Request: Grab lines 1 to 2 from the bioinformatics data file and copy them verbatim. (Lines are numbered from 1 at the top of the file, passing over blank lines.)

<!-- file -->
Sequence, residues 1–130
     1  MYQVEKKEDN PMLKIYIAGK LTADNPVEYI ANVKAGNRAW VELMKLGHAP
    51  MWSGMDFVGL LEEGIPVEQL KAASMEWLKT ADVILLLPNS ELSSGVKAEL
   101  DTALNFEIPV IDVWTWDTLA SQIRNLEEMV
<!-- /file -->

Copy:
Sequence, residues 1–130
     1  MYQVEKKEDN PMLKIYIAGK LTADNPVEYI ANVKAGNRAW VELMKLGHAP